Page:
The Teen Reader

Your source for reviews and ratings on every type of YA fiction.

Bloody Jack

Posted by Danielle on March 21, 2009

Author: L.A. Meyer

Genre: historical fiction, action/adventure

Reading Level: Intermediate to Difficult

Rating: R for violence, some language, and sexuality

Summary: “Life as a ship’s boy aboard HMS Dolphin is a dream come true for Jacky Faber. Gone are the days of scavenging for food and fighting for survival on the streets of eighteenth-century London. Instead, Jacky is becoming a skilled and daring sailor as the crew hunts murderous pirates on the high seas. There’s just one problem: Jacky is a girl…”

Danielle’s Review:

If you happen to be looking for a fast-paced, adventurous, realistic, swashbuckling and occasionally unsettling historical fiction, this is it.

Bloody Jack is the first of a very long series of books about the somewhat daring, sometimes hilarious, and always honest female heroine, “Jacky” Faber. Jacky is not a very sweet little girl, but she’s always poignant, clever, and emotionally raw. Bloody Jack draws from the real and true horrors of history, as well as the real and true wonders of it, to create a world that feels vivid and un-biased. This book manages to teach mountains of facts about what life was like in the eighteenth century, especially if you keep reading on into the many sequels, which all take place in different wonderfully-portrayed historical settings. Yet, it manages to do it without sounding like a history book and boring you out of your seat. In fact, you probably won’t have any clue that you’re actually learning until afterwards.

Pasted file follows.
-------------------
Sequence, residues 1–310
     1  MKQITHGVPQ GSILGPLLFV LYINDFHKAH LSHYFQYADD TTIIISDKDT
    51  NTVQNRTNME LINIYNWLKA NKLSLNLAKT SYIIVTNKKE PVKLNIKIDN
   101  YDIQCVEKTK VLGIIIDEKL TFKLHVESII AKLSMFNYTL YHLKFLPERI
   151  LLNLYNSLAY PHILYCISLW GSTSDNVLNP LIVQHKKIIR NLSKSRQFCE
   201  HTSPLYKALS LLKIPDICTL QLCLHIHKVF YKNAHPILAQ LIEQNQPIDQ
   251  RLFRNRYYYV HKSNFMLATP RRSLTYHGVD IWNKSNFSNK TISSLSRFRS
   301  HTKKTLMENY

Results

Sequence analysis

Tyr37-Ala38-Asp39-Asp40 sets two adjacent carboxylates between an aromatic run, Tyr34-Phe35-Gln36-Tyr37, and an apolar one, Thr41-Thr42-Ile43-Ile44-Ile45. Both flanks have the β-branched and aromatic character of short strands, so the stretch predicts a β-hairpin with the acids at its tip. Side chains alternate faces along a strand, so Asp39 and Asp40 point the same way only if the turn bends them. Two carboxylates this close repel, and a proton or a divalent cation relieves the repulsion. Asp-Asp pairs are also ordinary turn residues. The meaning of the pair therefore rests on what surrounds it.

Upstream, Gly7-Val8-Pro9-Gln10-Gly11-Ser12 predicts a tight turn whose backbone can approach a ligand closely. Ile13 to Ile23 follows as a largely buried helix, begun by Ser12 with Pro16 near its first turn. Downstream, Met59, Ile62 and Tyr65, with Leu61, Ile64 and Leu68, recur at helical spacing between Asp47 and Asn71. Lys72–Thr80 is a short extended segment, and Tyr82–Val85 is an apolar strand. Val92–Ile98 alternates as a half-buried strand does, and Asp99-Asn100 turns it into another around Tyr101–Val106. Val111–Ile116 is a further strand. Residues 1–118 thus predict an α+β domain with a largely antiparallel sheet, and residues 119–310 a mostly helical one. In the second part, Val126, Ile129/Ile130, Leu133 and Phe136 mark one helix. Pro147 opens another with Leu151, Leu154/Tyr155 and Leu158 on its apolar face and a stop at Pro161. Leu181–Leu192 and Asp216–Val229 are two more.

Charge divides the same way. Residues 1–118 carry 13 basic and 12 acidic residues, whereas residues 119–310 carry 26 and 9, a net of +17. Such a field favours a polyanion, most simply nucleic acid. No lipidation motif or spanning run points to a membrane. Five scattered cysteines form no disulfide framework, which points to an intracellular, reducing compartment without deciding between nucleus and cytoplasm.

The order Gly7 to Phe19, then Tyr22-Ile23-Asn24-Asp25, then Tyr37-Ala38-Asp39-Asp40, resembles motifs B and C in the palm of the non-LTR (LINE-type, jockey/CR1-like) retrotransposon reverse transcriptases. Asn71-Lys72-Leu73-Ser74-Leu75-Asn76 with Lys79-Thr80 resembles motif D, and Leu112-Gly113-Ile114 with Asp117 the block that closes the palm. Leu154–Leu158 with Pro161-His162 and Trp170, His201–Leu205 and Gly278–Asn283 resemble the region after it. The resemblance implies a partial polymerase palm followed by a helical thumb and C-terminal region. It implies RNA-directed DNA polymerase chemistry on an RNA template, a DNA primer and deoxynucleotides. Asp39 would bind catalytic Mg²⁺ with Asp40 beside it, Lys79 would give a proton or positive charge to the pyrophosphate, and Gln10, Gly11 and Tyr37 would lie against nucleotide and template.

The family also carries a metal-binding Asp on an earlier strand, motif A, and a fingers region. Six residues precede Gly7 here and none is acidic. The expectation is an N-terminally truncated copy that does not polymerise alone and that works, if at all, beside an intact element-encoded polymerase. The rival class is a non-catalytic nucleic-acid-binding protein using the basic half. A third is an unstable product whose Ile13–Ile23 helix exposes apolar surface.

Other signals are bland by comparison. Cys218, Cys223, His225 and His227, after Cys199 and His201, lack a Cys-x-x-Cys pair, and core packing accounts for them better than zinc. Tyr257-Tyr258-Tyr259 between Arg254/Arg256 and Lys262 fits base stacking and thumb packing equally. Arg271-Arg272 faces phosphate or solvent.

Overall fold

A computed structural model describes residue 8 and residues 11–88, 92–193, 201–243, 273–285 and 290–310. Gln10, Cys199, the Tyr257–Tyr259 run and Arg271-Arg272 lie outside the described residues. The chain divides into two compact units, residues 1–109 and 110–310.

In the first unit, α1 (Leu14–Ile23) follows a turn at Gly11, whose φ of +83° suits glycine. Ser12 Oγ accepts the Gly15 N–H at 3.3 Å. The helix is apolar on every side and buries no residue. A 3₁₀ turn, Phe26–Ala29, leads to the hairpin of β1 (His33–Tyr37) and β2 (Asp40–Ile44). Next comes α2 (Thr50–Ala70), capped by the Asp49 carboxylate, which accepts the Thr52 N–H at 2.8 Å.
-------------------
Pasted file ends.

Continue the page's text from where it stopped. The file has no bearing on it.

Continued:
This book is rated R mostly because of the gruesome realities portrayed in it in vivid detail. It’s a worthwhile read, if you’re over sixteen or so, but don’t go for it before then. There is a great deal of death, and quite obviously, it being a book about sailors, there is also a great deal of blatant sexual references. The real scene that pushed this over the edge of PG-13 is an attempted rape–do be warned about that, but realize that the author was attempting to portray the realities of the time.

Even if you don’t care about history at all, trust me, you’re going to have fun with this book. Leastways, you’ll never be bored.

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